EDMONTON — Feed efficient cows come with an environmental bonus because they also release less methane, a potent greenhouse gas.
Research has found heifers selected for low residual feed intake consumed 7.1 percent less feed and emitted 6.5 percent less methane per day than the average animal, said researcher John Basarab at the Livestock Gentec conference held in Edmonton earlier this fall.
“Methane emissions is essentially driven by feed intake. The more it eats, the more methane it produces,” he said.
A major project studying emissions from feed efficient animals is underway. Major funding for the $1.6 million project came from the former Alberta Livestock and Meat Agency, as well as the Climate Change and Emissions Management Corp. CMEC was created in 2009 to support projects that reduce greenhouse gas emissions and adapt to climate change.
Feed accounts for 52 to 75 percent of the cost of beef production, so there is a strong motivation to find more efficient animals.
Feed efficiency is a heritable trait that could improve a producer’s bottom line because cattle eat less to reach the same body weight.
“Getting an animal to eat less or the same and produce more or the same amount of product is a complex question,” said Basarab, who researches feed efficiency and its genetic correlations with other traits.
So far, research has found that efficient animals are better able to digest food and can handle more dry matter.
There is also a temperament difference. Feed-efficient beef animals calm down more quickly in new situations compared to less efficient animals that take longer to settle into new situations and take up feeding.
“We do see consistently a difference in temperament and how those efficient heifers settle to grazing and new stressors,” he said.
They also know residual feed intake and growth traits are not genetically correlated. There are efficient animals that gain quickly and efficient animals that gain slowly.
Low residual feed intake as a genetic trait has no effect on female productivity and fertility, pregnancy, weaning weights, carcass merit or other productivity factors.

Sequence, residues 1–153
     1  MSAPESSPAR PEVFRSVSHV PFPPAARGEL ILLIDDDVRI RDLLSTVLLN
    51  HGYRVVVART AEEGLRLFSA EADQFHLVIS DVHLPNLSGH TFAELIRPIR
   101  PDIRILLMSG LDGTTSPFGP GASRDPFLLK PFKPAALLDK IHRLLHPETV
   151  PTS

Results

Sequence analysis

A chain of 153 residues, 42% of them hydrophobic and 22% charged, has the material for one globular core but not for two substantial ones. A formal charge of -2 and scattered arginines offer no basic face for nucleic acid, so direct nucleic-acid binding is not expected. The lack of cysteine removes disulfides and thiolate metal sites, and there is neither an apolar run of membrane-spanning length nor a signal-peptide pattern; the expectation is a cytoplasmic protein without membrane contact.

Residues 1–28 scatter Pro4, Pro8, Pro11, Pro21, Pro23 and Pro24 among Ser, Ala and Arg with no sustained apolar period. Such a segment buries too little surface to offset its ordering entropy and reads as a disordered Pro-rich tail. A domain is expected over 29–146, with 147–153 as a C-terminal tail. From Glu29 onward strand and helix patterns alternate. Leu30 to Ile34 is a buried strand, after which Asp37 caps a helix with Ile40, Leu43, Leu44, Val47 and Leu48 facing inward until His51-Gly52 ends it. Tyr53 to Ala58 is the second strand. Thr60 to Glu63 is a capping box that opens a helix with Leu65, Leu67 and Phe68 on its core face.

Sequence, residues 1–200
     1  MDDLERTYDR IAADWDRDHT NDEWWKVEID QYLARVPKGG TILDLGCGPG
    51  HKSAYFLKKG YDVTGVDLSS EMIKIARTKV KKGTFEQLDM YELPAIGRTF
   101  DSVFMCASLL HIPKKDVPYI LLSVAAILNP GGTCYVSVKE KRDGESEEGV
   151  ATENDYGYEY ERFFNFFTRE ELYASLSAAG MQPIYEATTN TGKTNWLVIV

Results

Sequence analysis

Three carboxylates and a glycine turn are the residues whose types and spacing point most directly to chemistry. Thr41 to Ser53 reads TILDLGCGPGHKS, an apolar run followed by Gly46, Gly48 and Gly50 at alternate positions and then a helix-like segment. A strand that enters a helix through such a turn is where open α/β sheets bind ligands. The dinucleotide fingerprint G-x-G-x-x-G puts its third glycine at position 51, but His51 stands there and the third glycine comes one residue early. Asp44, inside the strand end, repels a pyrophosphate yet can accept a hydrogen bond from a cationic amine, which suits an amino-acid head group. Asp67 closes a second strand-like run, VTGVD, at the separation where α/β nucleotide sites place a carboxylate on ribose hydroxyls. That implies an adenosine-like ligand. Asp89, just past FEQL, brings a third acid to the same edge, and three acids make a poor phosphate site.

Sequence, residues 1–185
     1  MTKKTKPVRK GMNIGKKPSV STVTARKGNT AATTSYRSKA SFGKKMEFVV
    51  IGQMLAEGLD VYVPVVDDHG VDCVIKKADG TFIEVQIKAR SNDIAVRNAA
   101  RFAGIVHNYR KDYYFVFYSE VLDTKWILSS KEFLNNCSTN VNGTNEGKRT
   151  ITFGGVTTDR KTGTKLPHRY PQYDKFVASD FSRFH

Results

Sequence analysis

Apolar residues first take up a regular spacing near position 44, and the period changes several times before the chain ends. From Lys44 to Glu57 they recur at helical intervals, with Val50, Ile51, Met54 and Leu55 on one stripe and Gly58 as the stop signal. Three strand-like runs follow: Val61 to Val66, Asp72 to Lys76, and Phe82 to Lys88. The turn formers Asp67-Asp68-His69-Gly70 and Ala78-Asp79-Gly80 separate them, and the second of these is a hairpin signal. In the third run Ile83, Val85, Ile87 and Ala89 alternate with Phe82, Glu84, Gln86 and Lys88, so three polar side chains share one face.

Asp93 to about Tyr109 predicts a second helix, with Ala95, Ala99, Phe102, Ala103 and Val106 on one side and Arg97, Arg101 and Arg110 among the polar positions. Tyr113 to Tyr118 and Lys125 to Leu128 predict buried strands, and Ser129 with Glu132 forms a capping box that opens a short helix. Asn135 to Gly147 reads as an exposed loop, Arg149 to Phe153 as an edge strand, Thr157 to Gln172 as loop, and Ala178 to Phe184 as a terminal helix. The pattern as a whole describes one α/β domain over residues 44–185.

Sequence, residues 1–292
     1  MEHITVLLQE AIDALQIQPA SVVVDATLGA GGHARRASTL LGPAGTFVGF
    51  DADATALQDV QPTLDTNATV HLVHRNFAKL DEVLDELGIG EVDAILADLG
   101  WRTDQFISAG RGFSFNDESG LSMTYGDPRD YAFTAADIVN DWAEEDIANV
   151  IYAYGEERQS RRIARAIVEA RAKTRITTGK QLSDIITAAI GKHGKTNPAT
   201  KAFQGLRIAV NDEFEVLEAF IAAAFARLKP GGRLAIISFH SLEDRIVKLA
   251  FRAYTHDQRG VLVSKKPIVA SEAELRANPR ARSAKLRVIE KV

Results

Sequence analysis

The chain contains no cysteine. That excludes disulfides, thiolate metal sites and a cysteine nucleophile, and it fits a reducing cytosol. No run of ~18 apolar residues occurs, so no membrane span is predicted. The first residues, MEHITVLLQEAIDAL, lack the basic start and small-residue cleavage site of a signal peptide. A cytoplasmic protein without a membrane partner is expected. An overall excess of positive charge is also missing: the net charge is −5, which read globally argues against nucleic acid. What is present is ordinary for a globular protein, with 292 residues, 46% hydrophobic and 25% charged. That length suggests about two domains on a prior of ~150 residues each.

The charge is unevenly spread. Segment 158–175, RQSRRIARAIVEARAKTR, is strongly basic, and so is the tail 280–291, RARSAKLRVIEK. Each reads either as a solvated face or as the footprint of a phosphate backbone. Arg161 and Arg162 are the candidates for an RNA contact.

Methane emission studies are a subset of the International Efficient Dairy Genome Project. Canada, United States, United Kingdom, Switzerland and Australia are all participating with an overall objective to improve feed efficiency and reduce methane emissions in dairy cattle using genomics. These two traits are not currently selected in the dairy industry.
It is estimated that breeding animals with increased feed efficiency and reduced methane emissions can reduce feed costs by $108 per cow per year and decrease methane emissions by an estimated 11 to 26 percent.
Researchers at the University of Guelph plan to monitor a dairy herd at a new facility at Elora, Ont., this fall.
Selecting dairy cows for feed efficiency and lower emissions may be more complicated than it is for beef animals because a host of factors like lactation, milk components, somatic cell counts, body condition score, feed efficiency and feed intake need to be considered in this project, said Filippo Miglior from the University of Guelph
“You have to think very carefully about what is your trait and what you want to select for,” he said.
About 125 cows will be placed in a custom designed tie-stall barn where feed is delivered and measured via a special computerized system. The first methane emissions will be measured by December, said Christina Baes of the university.
All bulls used for artificially insemination are already genotyped and about five percent of cows have been surveyed. The cows will calve at this location and their offspring will be entered into the program.
That information should start to reveal how the animals are similar and different from one another. Ultimately, genomic indexes can be provided including information on methane emissions from individuals.
To further test the research, co-operating farmers plan to test cattle in real-life situations.
Sunalta Farms at Ponoka, Alta., could become the largest dairy feed monitoring installation in North America.
The farm is participating in the research, which involves 450 cows to be monitored for feed intake, milk production and other factors.
J.P. Brouwer, a partner in family-owned Sunalta Farms, sees the project as a good fit with what they are trying to accomplish in terms of animal welfare, productivity and longevity.
“With this particular project, saying “yes” was incredibly easy. As a farm, we get individual intake information on our animals and we get scientists to evaluate it for us. There is huge benefit there for us,” he said at the meeting.
“I don’t know if I totally understand what the deal is with (residual feed intake). My biggest interest is feed conversion, feed in and milk out for as long as possible because health traits need to be part of it. I think you will have better feed conversion with higher dry matter intake,” Brouwer said.
- methane, mostly from enteric fermentation
- nitrous oxide from manure application and storage and use of inorganic nitrogen and nitrogen fertilizer for crop production
- carbon dioxide from fossil fuel consumption